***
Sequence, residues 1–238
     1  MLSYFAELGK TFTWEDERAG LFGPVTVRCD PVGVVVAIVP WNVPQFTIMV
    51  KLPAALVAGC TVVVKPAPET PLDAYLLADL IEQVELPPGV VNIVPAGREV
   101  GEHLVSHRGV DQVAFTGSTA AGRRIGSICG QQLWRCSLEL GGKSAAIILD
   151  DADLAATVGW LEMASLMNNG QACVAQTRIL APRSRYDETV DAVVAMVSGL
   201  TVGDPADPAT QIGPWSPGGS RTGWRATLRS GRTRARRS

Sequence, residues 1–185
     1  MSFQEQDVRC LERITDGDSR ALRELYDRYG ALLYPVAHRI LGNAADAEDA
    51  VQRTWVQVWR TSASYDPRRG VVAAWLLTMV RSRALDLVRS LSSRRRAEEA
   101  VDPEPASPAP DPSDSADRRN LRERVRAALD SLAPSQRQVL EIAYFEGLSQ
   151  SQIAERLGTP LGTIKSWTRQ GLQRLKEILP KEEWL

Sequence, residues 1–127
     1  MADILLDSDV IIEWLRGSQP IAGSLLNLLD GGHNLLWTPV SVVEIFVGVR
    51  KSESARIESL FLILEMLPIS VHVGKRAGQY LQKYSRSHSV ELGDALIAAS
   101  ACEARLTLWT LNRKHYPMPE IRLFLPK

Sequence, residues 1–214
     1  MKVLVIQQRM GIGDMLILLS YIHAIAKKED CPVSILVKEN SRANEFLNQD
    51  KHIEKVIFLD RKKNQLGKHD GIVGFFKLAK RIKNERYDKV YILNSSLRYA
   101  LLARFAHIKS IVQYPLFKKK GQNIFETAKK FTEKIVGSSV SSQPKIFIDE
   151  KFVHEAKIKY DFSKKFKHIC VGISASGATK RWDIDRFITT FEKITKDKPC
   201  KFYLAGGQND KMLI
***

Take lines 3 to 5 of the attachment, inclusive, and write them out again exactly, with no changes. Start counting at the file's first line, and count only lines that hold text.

    51  KLPAALVAGC TVVVKPAPET PLDAYLLADL IEQVELPPGV VNIVPAGREV
   101  GEHLVSHRGV DQVAFTGSTA AGRRIGSICG QQLWRCSLEL GGKSAAIILD
   151  DADLAATVGW LEMASLMNNG QACVAQTRIL APRSRYDETV DAVVAMVSGL